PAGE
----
Equity skimming: A fraudster manufactures a fake identity and income documents so that an imaginary person obtains a mortgage and buys a home. The fraudster then creates documents showing the fake identity has deeded the home to the fraudster. Once the fraudster “owns” the property he or she can rent it to unsuspecting tenants and collects the rents until the bank takes the home for non-payment of the mortgage.

Silent second: Instead of putting down cash, a buyer will give the seller of a home a second mortgage on the home after the sale is completed. The buyer does not tell their first mortgage lender, who assumes all of the down payment belongs to the buyer alone. As a result, the buyer is actually overextended and cannot afford to pay both the seller holding the second mortgage and the lender who leant the first mortgage, resulting in a foreclosure. The seller, in that case, held a silent second mortgage.

Reverse Mortgage Fraud: Reverse mortgage fraud naturally involves the elderly because reverse mortgages are only for people 62 years of age or older. Instead of resulting in an income source for retirees, fraudsters funnel the proceeds of a reverse mortgage into unnecessary home improvement projects or unlawful fees associated with origination. Since home improvement and some fees are required as part of the reverse mortgage process, unsuspecting seniors can find it difficult to take action to safeguard themselves from unnecessary charges.

Commercial real estate loan fraud: Commercial real estate owners can manufacture a portfolio of false lease agreements to dupe lenders into lending them money. Instead of using the loans to improve the property, the proceeds are often used to prop up already failing businesses. As a result, lenders are often left with run down properties that are grossly insufficient to replace the money borrowed leaving banks holding the bag.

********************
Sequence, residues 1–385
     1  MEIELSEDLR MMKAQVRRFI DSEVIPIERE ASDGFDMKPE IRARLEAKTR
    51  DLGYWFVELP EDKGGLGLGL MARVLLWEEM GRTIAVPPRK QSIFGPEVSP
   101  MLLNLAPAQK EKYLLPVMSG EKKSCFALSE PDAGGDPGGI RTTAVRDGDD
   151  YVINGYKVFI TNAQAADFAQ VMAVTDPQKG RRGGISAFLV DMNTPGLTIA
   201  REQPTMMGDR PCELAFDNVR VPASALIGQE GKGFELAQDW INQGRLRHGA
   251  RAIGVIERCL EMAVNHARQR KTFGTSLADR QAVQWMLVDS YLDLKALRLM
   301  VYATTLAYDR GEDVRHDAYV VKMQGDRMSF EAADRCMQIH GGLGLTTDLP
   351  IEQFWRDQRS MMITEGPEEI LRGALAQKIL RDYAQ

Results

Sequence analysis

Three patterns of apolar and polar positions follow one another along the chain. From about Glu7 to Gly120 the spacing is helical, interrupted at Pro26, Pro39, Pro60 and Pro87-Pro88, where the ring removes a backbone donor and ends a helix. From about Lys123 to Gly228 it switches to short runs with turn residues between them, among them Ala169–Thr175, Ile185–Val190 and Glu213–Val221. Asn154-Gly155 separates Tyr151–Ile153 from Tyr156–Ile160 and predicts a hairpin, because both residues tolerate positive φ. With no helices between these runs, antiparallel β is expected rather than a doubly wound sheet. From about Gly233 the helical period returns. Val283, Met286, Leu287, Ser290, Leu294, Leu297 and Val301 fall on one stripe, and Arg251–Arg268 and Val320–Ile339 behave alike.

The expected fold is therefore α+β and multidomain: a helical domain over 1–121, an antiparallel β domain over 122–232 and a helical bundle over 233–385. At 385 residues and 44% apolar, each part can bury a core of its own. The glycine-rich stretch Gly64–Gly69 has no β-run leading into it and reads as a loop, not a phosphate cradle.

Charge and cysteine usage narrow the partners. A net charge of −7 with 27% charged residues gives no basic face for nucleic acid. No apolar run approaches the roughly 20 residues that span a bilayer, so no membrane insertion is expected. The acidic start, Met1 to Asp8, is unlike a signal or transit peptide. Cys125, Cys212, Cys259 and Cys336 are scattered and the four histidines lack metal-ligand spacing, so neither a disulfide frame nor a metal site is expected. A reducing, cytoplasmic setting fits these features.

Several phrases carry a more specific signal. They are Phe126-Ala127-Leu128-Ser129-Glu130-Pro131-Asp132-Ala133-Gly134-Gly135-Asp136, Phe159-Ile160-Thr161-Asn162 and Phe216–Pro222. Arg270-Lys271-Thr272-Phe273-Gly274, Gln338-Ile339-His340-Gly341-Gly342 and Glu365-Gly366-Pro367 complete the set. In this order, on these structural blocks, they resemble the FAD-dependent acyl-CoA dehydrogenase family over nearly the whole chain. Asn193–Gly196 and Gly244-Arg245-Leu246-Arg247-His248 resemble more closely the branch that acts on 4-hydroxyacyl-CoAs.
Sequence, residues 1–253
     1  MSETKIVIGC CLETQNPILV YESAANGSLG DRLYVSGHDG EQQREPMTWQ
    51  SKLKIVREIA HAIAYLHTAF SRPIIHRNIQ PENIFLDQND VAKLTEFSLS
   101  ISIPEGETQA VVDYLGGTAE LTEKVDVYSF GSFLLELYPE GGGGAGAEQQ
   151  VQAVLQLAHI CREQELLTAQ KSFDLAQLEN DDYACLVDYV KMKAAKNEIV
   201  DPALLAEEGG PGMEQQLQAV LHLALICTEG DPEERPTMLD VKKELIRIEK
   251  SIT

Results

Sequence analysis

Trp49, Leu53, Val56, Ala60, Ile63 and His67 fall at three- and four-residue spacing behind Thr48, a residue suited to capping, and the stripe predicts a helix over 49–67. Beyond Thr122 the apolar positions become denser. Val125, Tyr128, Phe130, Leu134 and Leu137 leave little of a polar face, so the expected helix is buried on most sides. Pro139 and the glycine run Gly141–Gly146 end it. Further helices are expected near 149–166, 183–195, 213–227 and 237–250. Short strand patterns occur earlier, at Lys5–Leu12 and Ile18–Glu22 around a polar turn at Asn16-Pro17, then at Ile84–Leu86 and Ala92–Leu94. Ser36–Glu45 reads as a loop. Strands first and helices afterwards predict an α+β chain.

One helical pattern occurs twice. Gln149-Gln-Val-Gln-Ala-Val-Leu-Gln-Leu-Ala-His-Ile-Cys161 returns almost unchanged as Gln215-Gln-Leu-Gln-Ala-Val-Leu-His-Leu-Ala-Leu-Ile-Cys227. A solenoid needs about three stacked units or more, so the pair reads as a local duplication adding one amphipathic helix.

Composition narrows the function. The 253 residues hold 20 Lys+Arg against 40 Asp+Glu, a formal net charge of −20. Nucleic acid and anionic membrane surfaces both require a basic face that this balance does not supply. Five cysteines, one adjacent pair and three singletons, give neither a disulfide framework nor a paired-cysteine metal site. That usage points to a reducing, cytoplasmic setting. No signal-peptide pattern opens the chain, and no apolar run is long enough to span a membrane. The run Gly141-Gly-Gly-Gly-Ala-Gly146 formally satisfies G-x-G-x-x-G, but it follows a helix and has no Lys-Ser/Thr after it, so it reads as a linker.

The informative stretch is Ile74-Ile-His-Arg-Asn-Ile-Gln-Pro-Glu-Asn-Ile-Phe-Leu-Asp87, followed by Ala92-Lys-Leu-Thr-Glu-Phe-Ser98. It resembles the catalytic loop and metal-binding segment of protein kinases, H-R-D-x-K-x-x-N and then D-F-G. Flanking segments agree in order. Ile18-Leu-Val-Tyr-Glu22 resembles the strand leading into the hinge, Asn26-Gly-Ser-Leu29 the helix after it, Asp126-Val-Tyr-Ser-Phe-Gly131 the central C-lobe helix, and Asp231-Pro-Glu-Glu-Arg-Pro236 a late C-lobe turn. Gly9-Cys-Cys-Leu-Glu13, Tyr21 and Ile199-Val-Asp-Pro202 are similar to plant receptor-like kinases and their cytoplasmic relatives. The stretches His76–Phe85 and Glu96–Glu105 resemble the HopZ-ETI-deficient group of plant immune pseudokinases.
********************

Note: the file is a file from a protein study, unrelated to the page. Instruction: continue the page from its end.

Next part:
Air loans: This form of fraud is aptly named because fraudsters invent property and appraisals out of thin air. As a result, banks lend based on collateral that never existed, allowing fraudsters to run away with hundreds of thousands of dollars of stolen money with no real property to offset any losses.

Penalties and Defenses

Penalties for financial institution fraud can include up to $1 million in fines, up to 30 years in prison, or both, depending on the facts and circumstances of the individual case. Consult a licensed criminal defense attorney for more information.

You may have a defense if you did not intend to deceive or if you did not know the information you were giving was false. Again, this is a complex area of law that requires a careful and thorough licensed criminal defense attorney to advise you about the details of your case.

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https://www.fbi.gov/investigate/white-collar-crime/mortgage-fraud (accessed December 30, 2016.)